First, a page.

Tips based on a 10 night trip, using local transportation, in 3 Ecuadorean cities: Cuenca, Otavalo and Quito.
For all I know, Ecuador is completely safe, and rumors of the danger there are equivalent to the outdated ideas people have about safety in New York. But, after reading multiple forum posts from recent travelers about knife-point robberies in broad daylight in the cities I would be visiting, I began to consider security issues beyond the usual concerns of a woman traveling alone.
As the plane began its descent into Guayaquil, the women around me began stuffing money into their bras. Normally, I would be doing the same, but I already had my money separated into 3 places and was only taking a cab 2 kilometers from the airport to my hotel. Most of my money and credit cards were in my money belt; small bills to pay the cab and tip in the hotel were in my jeans pocket, and $40 was in the tiny jeans “watch” pocket to hand any knife-point robbers lurking in the airport.
The camera debate. Normally, I refuse to live in fear, and I bring my digital SLR. Even if it will be stashed in a camera bag in my day pack until ready for use. After reading the repeated reports of knife-point robberies, I decided this was a good trip for my Canon G11. A step above a point and shoot, it also takes decent video. My lenses tend to attract a lot of attention and I wanted to fly under the radar. I did see a few people wandering around with SLRs in Quito – and I wasn’t the only one noticing them!
If this was a Galapagos trip, of course I would bring my SLR, but the majority of that type of trip would be spent on isolated islands. For the purposes of this trip, I really didn’t miss it.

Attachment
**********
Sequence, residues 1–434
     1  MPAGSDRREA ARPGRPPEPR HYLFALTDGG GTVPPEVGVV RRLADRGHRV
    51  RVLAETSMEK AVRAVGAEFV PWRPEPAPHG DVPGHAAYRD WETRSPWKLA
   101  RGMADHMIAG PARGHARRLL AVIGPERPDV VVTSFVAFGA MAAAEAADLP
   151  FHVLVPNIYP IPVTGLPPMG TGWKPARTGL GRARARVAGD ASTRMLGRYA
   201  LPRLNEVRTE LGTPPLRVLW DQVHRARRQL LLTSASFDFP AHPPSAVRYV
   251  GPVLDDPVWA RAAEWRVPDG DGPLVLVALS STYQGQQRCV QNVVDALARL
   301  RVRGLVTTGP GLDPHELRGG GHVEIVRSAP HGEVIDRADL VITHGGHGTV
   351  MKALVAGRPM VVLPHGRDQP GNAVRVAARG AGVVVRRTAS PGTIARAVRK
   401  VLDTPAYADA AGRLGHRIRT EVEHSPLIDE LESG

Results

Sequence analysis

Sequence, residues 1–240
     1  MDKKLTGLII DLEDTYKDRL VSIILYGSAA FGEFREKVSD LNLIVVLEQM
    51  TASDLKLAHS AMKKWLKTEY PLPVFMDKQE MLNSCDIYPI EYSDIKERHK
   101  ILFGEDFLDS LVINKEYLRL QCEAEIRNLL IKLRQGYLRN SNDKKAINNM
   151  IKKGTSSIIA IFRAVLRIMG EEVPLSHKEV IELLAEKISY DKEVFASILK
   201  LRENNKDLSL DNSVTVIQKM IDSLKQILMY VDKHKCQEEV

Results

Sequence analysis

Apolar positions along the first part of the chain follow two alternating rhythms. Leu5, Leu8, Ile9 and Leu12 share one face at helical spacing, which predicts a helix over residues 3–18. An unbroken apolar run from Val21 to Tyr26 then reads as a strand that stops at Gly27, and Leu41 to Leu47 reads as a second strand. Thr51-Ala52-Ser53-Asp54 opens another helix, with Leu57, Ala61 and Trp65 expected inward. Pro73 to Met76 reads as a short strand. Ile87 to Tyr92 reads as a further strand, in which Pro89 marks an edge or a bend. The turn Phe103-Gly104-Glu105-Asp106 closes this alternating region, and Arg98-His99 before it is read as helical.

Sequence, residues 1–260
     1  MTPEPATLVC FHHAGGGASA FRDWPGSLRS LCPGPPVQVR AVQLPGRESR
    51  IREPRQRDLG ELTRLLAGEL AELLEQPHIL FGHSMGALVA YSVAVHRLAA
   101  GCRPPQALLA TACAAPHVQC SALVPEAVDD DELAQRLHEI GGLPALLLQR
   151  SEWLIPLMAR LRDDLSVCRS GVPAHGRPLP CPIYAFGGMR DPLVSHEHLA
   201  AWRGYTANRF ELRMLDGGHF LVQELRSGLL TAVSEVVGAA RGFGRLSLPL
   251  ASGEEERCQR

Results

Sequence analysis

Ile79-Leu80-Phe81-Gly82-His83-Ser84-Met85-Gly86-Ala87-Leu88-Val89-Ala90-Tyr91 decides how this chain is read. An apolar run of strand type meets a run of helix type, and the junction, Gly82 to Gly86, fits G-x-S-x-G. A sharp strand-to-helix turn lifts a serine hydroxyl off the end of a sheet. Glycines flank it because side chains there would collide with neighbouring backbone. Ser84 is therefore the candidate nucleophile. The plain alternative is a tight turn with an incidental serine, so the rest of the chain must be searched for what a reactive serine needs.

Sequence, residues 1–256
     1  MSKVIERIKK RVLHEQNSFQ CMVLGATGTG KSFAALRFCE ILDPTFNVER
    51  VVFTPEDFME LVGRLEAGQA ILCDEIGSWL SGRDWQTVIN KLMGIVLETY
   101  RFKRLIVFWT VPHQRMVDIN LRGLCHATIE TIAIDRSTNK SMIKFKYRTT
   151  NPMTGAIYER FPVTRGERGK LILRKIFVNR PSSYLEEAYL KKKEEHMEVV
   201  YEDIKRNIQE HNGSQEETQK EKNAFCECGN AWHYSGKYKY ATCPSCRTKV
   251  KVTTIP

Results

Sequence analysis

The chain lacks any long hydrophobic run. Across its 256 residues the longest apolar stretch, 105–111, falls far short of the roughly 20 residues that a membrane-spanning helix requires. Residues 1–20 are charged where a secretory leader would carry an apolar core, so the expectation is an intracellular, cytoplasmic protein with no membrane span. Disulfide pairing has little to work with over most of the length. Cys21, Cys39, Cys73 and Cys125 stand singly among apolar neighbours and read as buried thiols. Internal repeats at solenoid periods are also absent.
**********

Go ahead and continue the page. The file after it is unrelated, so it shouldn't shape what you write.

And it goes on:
Luggage. Due to numerous reports of travelers having items pilfered from bags stashed under buses, experts on Lonely Planet suggest placing backpacks in feed sacks to disguise them. This might work if everyone in the terminal didn’t see the traveler approaching the bus dragging the feed sack. Instead, I selected the oldest, most beat-up bag in my collection; the original TravelPro rollaboard that I had to buy after the 1st time I a flight attendant pulling one. It doesn’t expand, and all the zipper pulls are MIA, but it looked just like all the bags the locals were checking.
Daypack. Never worn on the back – I wear it with one strap over on one shoulder with the bag cradled below my elbow. The zippers are all closed with the tabs closest to my body. Except for the items in my moneybelt, everything of value is in this bag so I am vigilant about protecting it.
Clothing selection. Jeans, black jeans, grey jeans. Black sneakers and 1 pair of black Toms. Dark T-shirts with some percentage synthetic fibers for faster drying at high altitude. Fleece and a black rain jacket that I only wore once (as a safe; more about that later). Black plastic watch, silver bracelet and 1 pair of silver hoop earrings. Dressed like this, I resembled 80% of the Ecuadorean women who weren’t in traditional garb, except they tend to wear gold earrings. Ecuadoreans in suits were asking me for directions in Quito, so clearly I looked local, despite being tall, curly and very white.
Day bag. Normally, my Crumpler messenger-looking camera bag acts as my day bag. My sunglasses, PDA, and camera fit easily. Larger $ and a credit card, plus a copy of my passport go into an inaccessible inside pocket. Since I wasn’t bringing my “real” camera, I brought an old, tan nylon handbag with a long strap that goes across the chest and over the shoulder. There was rarely money in this bag – just enough to hand a knife-wielding thief if necessary.
Small Money – Big Money:
Most travelers to destinations considered dodgy do this naturally. The small money needed to get around for a day is in an easily accessible pocket. Larger bills for shopping or emergencies are usually in an inaccessible pocket in my camera bag. Since I didn’t have the camera bag, I had money in 3 places; small bills in the jeans pocket; a couple of $20s in the little jean “watch” pocket and another $60-80 in my bra if I planned on shopping at some point in the day.
When in transit between cities, my major money, passport and credit cards were in my money belt. Otherwise, these items were locked in the room safe and I carried a copy of the passport only.